What to do with financial insituitions that are too big to fail? Simply make them smaller!

Some suggestions from the US include having an upper size limit for comapnies or establishing insurance to protect the innocent.

Another way is to encourage them to limit themselves: rather than forbidding companies above a certain size directly, just transfer the risk to those running them. A straightforward way to do this would be to remove limited liability from companies above a certain size. That should focus the minds of directors and shareholders rather more clearly on risk. And it would also remove a large market distortion.

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Crashing & Crunching

It is important to separate the crunch from the crash.  The credit crunch led to, and preceded, the crash. However the consumer economy, especially, was over-leveraged and just waiting to collapse.

The credit crunch arose because house prices started to fall in the US.  But this was compounded by several factors.  Firstly lending institutions had over-lent to borrowers who could not afford to take out a mortgage; the trick was to disguise the actual level of repayment through very cheap instalments for the first 6 months or so.  Then the mortgages were sold on; so those who had done the deal were no longer liable for anything if the house-owners defaulted, which they were likely to do if they could not afford repayments and the price of their house was falling.

On top of that, the mortgages were typically sold on after being mixed with other loan portfolios of a different risk profile, a practice that was rewarded with spectacular personal bonuses for the bankers involved.  As a result it became impossible to discover which bank actually owned which mortgages, and particularly who had the mortgages which were not being repaid.  But everyone knew that it was going to be a bank.  The other banks knew this too, so they could not, with a clean conscience lend to each other since they could not know what the risks might be and whether they would be repaid.  And all the banks were in this position.  So no one bank trusted or wanted to lend to any other.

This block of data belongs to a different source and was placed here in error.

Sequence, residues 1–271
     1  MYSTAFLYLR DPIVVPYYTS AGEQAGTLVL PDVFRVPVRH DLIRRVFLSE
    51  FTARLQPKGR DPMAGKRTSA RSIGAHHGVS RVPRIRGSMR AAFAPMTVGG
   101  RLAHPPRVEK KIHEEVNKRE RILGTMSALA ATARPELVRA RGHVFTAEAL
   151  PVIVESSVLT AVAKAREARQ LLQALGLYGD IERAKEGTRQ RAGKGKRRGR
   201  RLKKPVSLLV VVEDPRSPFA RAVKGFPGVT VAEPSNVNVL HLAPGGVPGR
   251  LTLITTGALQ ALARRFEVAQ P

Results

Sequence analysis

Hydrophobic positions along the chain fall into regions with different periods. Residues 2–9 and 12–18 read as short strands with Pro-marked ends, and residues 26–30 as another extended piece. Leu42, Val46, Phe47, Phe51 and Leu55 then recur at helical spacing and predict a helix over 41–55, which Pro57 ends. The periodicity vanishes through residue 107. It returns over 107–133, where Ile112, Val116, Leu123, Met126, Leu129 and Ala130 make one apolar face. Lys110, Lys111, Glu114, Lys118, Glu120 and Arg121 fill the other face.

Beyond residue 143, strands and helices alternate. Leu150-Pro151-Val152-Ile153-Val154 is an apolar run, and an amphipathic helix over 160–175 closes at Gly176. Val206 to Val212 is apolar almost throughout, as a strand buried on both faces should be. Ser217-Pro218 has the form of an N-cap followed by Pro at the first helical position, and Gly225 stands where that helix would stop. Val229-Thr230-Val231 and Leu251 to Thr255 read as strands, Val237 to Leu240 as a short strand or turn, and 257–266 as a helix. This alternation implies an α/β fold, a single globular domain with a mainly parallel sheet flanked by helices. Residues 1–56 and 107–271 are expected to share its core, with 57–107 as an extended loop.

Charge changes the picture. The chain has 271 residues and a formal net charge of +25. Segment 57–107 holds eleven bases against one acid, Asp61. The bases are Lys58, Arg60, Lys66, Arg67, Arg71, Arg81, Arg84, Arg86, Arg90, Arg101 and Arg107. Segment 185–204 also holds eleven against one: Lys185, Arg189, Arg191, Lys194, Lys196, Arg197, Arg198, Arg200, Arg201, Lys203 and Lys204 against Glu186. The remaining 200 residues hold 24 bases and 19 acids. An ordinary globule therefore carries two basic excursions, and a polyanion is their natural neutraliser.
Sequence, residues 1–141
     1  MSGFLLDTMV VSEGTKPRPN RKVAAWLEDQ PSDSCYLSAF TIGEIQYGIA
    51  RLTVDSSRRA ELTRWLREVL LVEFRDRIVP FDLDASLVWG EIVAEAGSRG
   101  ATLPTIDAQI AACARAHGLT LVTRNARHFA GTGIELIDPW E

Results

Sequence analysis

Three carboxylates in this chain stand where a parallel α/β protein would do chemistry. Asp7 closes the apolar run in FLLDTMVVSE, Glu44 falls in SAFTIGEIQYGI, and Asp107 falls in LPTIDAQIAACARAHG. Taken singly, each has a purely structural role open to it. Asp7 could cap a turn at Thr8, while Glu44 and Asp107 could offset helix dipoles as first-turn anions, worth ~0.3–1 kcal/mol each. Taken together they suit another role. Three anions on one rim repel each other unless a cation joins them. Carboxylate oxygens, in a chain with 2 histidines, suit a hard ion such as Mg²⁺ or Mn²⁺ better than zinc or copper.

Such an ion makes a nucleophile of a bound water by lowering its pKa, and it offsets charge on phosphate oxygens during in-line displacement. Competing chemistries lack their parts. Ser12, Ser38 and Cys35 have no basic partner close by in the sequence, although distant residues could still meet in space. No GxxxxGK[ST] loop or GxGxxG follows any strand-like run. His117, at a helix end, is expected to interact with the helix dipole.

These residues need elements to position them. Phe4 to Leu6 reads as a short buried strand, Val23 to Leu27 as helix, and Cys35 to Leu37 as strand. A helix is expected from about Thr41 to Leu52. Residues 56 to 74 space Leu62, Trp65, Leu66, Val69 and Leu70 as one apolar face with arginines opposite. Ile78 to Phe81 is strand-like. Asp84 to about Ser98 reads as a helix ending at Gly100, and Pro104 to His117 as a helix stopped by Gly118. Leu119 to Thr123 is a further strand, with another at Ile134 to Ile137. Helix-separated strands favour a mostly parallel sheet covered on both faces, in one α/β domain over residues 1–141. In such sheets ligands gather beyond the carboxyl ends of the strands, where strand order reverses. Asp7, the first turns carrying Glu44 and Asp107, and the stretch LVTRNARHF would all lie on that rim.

In the end, the banks became reluctant to lend to anyone.  Initially banks did not want to lend to house-owners, since house prices were generally falling.  However because of the cost of money to the banks, it soon became necessary to raise the cost of borrowing for all.  The price of money (interest rates) rose.  The result, a credit crunch: credit of any kind is hard to obtain and expensive.  And banks started to fail.

This is now beginning to affect the ‘real’ economy, which is the one in which people make things other than money.  It is harder for businesses to borrow even for short term working capital.  And individual borrowers are starting to find their credit card payments are too onerous.  But quite independently of the mechanism of the credit crunch, the real economy has been suffering – partly driven by the cooling of the Chinese economy and by rising commodity prices.  The realisation of this, coupled with the nervousness created by the credit crunch, the computer-based automatic selling of shares and the practice of short selling, (that is selling shares you do not have) turned the fall in the stock prices of banks into a general stock market collapse.